Sometimes comics are a participation sport. And sometimes a full contact sport depending on what conventions you’re going to this year. I spent this weekend going to a signing for Tony Millionaire (creator of Maakies and Sock Monkey), and to a fundraiser for a non-profit, ZAPP (Zine Archive and Publishing Project). Even though the PNW is home to a lot of creators, it rains a lot here and sometimes we don’t get out of the house. So when opportunities come your way to hang out with a bunch of other nerds, don’t pass it up!
That’s my free will advice for the week. That and drink plenty of water daily.
47 Ronin Hardcover– Stan Sakai doesn’t just draw rabbit samurai, he draws people samurai! And really well too. The vengeance, the honor, the brotherhood, all epitomized in this graphic retelling of one of Japan’s greatest stories. Painstakingly researched by Mike Richardson and Sakai, they recreate the saga of the 47 ronin who travel for years to avenge their master by seeking out his killers. My favorite movies to power marathon (behind the entirety of the Venture Brothers) are Kurosawa samurai movies, so it wasn’t hard for me to power read this series. The comic is as beautiful, and moving, with touches of humor that fans of the genre can appreciate. Plus, Sakai is one of the best working artists, and soooo nice. Everyone should buy books from nice people like Sakai.
Beasts of Burden Hunters and Gatherers– Bringing back their beloved, Eisner award winning characters, Evan Dorkin and Jill Thompson return to Burden Hill to defend its citizens from new baddies. (which is apparently a word my computer recognizes now). This series has been around since 2003, and has always been enjoyed in any of its collections of self-titles, Dark Horse Presents, and Hellboy teamups. If you want to get to know the dogs and cats that take up the task of investigating the paranormal activities of their town, this is a perfect starting point for what I’m assuuuuuming will have more issues in the near future!
Stray Bullets: Uber Alles– This book is effing giant. It’s 1200, over-sized pages collecting all five story arcs of David Laphams seminal crime series that started with El Capitan in….um…..(totally not looking this up on wikipedia)…1995! And ran for 40 issues. Like Fatale, the various crime stories span all the way from the ’70-‘90s; they get violent, the characters can be real shit bags, and you want nothing but more. Too bad for us Lapham had to abandon the series in the mid ‘00s , and left a lot of people dangling, until now!
Stray Bullets #41– Whaaaat?! See what I did there? Through Image, Lapham is bringing it back; 32 pages of black and white grit that literally start right where he left off, and finish off the series that’s as satisfying now as it would have been 10 years ago. Maybe more so. We do love a good build up. But it’s a kind of a bummer that it’s the end of an era, so to speak.
Stray Bullets: Killers #1– Syyyyyche! This is all a huge build of to the release of Lapham’s NEW Stray Bullet series. I couldn’t read those 31 pages fast enough. A kid thinks he’s getting innocent kicks by sneaking into the same strip club his dad sneaks into. But when they both recognize someone they shouldn’t, things get dangerous. Young Eli’s world is turned upside down, and everyone’s intentions (though seemingly nefarious) are not fully actualized yet. Though Lapham’s worked on other series over the years, he and his editor/wife kick off this arc with as much gumption as it’s Eisner winning roots.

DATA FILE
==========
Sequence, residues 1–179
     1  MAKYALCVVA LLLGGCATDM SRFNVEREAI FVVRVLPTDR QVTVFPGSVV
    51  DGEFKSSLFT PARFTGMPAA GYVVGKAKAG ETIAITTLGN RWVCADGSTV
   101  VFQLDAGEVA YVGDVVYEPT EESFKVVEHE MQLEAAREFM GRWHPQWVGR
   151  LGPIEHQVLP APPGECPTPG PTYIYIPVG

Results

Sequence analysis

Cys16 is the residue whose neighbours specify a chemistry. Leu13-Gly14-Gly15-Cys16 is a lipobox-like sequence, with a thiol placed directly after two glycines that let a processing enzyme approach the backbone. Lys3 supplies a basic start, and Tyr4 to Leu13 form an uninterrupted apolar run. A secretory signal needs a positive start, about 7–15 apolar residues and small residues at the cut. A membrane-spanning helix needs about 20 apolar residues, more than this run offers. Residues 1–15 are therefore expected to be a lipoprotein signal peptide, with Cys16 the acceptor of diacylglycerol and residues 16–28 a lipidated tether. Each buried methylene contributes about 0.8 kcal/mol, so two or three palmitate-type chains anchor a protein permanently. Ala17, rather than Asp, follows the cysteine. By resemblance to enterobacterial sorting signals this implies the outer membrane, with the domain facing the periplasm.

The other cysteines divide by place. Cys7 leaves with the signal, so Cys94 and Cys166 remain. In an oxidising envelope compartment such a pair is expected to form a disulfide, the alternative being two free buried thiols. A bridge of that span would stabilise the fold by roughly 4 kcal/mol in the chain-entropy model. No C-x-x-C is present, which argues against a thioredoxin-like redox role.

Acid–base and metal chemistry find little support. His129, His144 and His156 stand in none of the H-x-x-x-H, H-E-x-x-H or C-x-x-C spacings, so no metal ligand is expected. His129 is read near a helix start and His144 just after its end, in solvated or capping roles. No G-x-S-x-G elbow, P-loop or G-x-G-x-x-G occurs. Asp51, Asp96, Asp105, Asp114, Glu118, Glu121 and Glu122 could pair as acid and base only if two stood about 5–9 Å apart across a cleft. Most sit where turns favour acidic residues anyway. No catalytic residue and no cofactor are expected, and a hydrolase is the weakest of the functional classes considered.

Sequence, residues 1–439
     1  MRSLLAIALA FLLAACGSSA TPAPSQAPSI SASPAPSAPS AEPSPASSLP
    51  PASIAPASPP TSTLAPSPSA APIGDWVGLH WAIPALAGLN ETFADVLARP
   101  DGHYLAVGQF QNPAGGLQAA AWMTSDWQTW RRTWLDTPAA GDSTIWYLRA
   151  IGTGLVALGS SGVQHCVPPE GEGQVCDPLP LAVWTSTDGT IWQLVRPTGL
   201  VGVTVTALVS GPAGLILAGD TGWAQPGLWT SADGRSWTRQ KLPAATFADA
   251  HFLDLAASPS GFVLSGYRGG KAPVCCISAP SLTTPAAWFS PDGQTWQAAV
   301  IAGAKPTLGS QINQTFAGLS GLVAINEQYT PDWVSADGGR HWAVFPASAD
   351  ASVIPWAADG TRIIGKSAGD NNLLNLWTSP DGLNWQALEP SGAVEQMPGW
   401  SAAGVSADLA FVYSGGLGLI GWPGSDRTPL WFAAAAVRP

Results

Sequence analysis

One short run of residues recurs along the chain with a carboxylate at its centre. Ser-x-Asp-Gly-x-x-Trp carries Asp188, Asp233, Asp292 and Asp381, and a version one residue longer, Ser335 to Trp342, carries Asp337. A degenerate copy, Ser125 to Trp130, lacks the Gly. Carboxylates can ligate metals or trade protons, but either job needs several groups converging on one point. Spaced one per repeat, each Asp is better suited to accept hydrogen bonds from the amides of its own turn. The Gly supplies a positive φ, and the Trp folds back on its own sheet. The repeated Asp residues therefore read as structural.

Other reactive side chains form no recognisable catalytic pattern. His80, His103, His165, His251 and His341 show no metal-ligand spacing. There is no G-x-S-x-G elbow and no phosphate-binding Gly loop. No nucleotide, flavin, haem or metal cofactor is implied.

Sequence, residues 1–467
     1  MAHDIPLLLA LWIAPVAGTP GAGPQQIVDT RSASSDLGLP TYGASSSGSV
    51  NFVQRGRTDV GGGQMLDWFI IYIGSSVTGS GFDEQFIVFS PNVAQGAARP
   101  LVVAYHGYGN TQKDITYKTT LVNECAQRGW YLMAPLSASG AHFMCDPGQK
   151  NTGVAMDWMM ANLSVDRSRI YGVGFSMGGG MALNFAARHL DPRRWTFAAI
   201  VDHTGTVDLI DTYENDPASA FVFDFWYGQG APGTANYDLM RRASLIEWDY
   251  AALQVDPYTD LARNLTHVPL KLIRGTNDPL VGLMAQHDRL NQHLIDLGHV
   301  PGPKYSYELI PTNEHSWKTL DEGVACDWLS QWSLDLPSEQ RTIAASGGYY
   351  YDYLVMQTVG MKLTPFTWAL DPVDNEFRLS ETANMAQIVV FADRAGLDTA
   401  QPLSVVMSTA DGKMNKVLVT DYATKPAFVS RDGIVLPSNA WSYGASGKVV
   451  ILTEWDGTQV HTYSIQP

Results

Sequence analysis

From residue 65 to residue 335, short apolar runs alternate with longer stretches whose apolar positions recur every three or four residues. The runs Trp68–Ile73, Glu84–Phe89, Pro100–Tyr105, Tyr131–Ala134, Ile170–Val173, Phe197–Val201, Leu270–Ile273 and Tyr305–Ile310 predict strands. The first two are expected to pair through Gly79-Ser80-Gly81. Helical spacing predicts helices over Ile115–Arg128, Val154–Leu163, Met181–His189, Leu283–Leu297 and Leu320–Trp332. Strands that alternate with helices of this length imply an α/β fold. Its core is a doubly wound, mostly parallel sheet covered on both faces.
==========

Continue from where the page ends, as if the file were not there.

Magnus: Robot Fighter #1– Continuing this unintended themes of bringing fun titles back to life, writer Fred Van Lente and artist Cory Smith are breathing new life into the 1960’s Russ Manning character, Magnus. Robots have taken over, and seamlessly integrated themselves into humanity. Only Magnus can tell who’s the original and who’s a copy, and it’s up to him to stop the expansion of a machine universe called North Am. It reminds me a little of the Borg storyline from TNG, in which the robots roam the country turning everything they deem as non-essential (nature) into a machine Mecca. Dynamite has done a really good job on shoring up their creative teams to give those Gold Key characters a new home.
Nosferatu Wars– Menton3 creeps me the fuck out. He also has. They’re like the stuff from my nightmares. But I think that’s my fault since I read stuff like his Monocyte, and Ennis’s Crossed before bed. So my nightmares might be a little skewed. But the kings of horror (maybe Princes, I think the title of king belongs to THE King), Steve Niles and Menton3 team up in this series to investigate the heyday of the vampires, the Black Plague. When death abounds, they run the show, except when they begin to turn on each other. Can this hunter species thrive without a common enemy? This one-shot collects their Dark Horse Presents issues of the Nosferatu Wars.
Young Romance 2: The Early Simon and Kirby Romance Comics– Following up the first volume of their reprinted tales of romance, Joe Simon and Jack Kirby practically invented the genre that includes sweeping tales of dramatic fantasy of teen, and young adult romance. Starting soon after the end of WWII, people needed a little bit of a break from war and horror stories, and the softer side of comics blew up. These historical stories have been beautifully re-colored, to let new readers in new generations discover how their grandparents wooed each other.